• OFAC is issuing a general license that will authorize transactions related to third-country conferences attended by Cuban nationals.
  • In addition, a general license will authorize foreign vessels to enter the United States after engaging in certain trade with Cuba.

Small Business Growth –

  • Certain micro-financing projects and entrepreneurial and business training, such as for private business and agricultural operations, will be authorized.
  • Also, commercial imports of certain independent Cuban entrepreneur-produced goods and services, as determined by the State Department on a list to be published on its website, will be authorized.

“Cash in Advance” –

  • The regulatory interpretation of “cash in advance” is being redefined from “cash before shipment” to “cash before transfer of title to, and control of,” the exported items to allow expanded financing of authorized trade with Cuba.

Supporting Diplomatic Relations and USG Official Business –

  • The President announced the reestablishment of diplomatic relations with Cuba. To facilitate that process, OFAC is adding a general license authorizing transactions with Cuban official missions and their employees in the United States.
  • In addition, in an effort to support important U.S. government interests, an expanded general license will authorize Cuba-related transactions by employees, grantees, and contractors of the U.S. government, foreign governments, and certain international organizations in their official capacities.

Support for the Cuban People –

  • Exports and reexports to provide support for the Cuban people in three areas:  improving living conditions and supporting independent economic activity; strengthening civil society; and improving communications – will be eligible under Commerce’s SCP license exception.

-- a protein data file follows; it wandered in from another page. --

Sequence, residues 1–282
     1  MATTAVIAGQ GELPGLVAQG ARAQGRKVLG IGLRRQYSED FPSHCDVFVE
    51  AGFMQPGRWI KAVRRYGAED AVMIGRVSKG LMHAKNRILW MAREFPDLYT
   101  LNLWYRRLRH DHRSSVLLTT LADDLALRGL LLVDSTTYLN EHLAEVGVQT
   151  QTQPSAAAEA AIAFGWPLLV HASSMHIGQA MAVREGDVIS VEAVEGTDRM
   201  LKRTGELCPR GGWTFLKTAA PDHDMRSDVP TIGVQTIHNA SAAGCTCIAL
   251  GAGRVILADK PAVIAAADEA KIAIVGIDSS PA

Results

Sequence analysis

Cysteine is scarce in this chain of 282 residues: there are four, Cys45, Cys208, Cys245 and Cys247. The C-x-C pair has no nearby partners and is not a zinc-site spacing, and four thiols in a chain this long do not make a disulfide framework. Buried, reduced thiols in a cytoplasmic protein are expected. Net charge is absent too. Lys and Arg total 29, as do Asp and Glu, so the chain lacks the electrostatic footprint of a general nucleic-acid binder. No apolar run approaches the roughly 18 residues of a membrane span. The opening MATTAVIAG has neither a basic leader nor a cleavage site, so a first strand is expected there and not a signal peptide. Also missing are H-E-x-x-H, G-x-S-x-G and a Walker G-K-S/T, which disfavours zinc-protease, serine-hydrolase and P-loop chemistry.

• To improve living conditions and support independent economic activity, SCP will authorize: (1) building materials, equipment, and tools for use by the private sector to construct or renovate privately-owned buildings, including privately-owned residences, businesses, places of worship, and building for private sector social or recreational use; (2) tools and equipment for private agricultural activity; and (3) tools, equipment, supplies, and instruments for use by private sector entrepreneurs.
  • To strengthen civil society, SCP will authorize export and reexport of donated items and temporary export and reexport by travelers to Cuba of items for use in scientific, archaeological, cultural, ecological, educational, historic preservation, or sporting activities. SCP will also authorize exports and reexports to human rights organizations, individuals, or non-governmental organizations that promote independent activity intended to strengthen civil society.
  • Travelers will also be able to export temporarily items for use in professional research in the traveler’s profession or full time field of study under SCP. The activities or research must not be related to items on the United States Munitions List or items controlled for sensitive reasons on the Commerce Control List.
  • To improve communications, SCP will authorize exports and reexports of items for use by news media personnel and U.S. news bureaus.
  • SCP will not authorize the export of items on the Commerce Control List for sensitive reasons such as national security, nuclear proliferation, regional stability, missile technology, and other reasons of similar sensitivity.

Gift Parcels –

  • Consolidated shipments of gift parcels will be eligible for the same Commerce license exception that authorizes individual gift parcels.